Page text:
This week’s Stylist contains an article about the new ‘power maternity leave’ that is, if the Telegraph is to be believed, which of course it never is, becoming something of a trend. On the relaxing break that we all know constitutes maternity leave, high-flying women are getting bored with ‘sitting around watching daytime TV while your baby sleeps’ and becoming ‘mumpreneurs’, setting up their own small businesses at the same time. ‘A period away from work’, Stylist tells us, ‘can be hugely positive – time to learn a language, take up a hobby’. According to psychologist Marisa Peer, ‘baby brain’ is a myth – ‘it’s mere tiredness’. Famously well-rested as new mothers are, they are not wasting even a second of their valuable ‘time off’, and are using it to write business plans and secure financial backing while their children sleep.
I don’t have children, so I speak from a position of relative ignorance, but I am friends with women who do and, when their children were born, they didn’t look like they were casting around for a new hobby, to be honest. It looked like they were trying to cram several basic activities – having a shower, hanging out the washing, replying to emails – into tiny pockets of available time. Their days seemed to be filled with the enormity of being entirely responsible for another human life, rather than the notion that this might be a great opportunity to start learning Portuguese or take up the violin. They did not describe their sleep deprivation as ‘mere tiredness’. Still, what do I know? Turns out they were all starting up vintage-inspired stationery businesses when they said they were changing nappies.
As the cost of childcare makes the headlines, so too does the issue of whether it is possible to combine motherhood with fulfilling work. The solution implied by Stylist is that women should stay at home and look after the kids – just turn over £250,000 a year while they’re at it. They are not real entrepreneurs, after all, but ‘mumpreneurs’ and all four of the featured women say they felt they couldn’t maintain their previous line of employment while having children. Should it concern us that a woman feels she can’t be a policewoman and have a child, when presumably policemen don’t feel the same way? Stylist thinks not – she’s just set up her own coconut yoghurt company! The ‘mumpreneurs’ imply they did the majority of the childcare while running the business: ‘I had so many meetings – I took Summer along in a backpack!’ (One hopes she doesn’t literally mean ‘in a backpack.’) The businesses that chosen for the feature – maternity sportswear, vintage-inspired wedding dresses, Mumsnet – seem to have ‘stick with what you know’ written all over them, and appear synonymous with a certain type of middle class lifestyle. And what if you’re a single mum? Could you support yourself on maternity payments alone and somehow find the resources to start your own knit-your-own owl collective?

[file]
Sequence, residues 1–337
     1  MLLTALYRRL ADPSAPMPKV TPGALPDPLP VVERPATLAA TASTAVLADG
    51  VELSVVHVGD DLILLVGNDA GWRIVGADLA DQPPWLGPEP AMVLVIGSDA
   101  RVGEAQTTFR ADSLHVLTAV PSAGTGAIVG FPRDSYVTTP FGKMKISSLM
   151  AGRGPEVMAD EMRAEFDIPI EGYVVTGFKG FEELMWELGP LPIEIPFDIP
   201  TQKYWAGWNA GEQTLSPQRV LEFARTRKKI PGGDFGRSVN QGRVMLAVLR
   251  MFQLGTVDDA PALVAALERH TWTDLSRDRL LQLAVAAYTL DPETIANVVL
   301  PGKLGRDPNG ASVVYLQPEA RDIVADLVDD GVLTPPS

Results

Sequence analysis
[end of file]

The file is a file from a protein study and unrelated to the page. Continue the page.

As personal stories, the mumpreneurs’ are great, inspiring and I wish them well. I am delighted that motherhood has given them a new perspective, allowing them to fulfil their passion and still spend time with the kids, but I do not think their experiences reflect those of most women. Describing them as a ‘trend’ seems unhelpful to say the least. Is the solution to working motherhood that we all leave our jobs and set up cupcake factories? I can’t see it.
The Stylist piece peddles the myth that childcare in itself isn’t hard work, when the reverse seems to be blindingly, obviously true. ‘Taking time off’, ‘career breaks’, ‘having it all’ – we all seem to agree that mums are having a whale of a time. Mothers who don’t work are ‘lucky’ because their husband can support them on a salary; mothers who do are ‘lucky’ to be able to pursue their careers. Office work and childcare – such treats! What lucky ladies! How have we managed to sustain this illusion that women are basically just lazing about, whether they are raising a child, earning a living or both? (Also, why are they defined using the crappy portmanteau term ‘mumpreneurs’? Not only does the pun not work, but also new fathers somehow manage to escape the indignity of being labelled ‘career daddies’)
One of the reasons that maternity leave is painted as a less busy time is presumably because women don’t want child-rearing to be considered the only thing of which they are capable, and, judging from the recent reports on childcare, ‘women in the workplace’ isn’t something we’ve got sewn up yet. But denying that motherhood is hard work doesn’t seem to be the answer, nor is it particularly comforting to think that if you feel have to leave your job, you can always set up your own organic evening-glove business or whatever. One new mother told me recently that the worst thing about motherhood was ‘feeling inadequate’. I am not sure the Stylist article helped so much with that.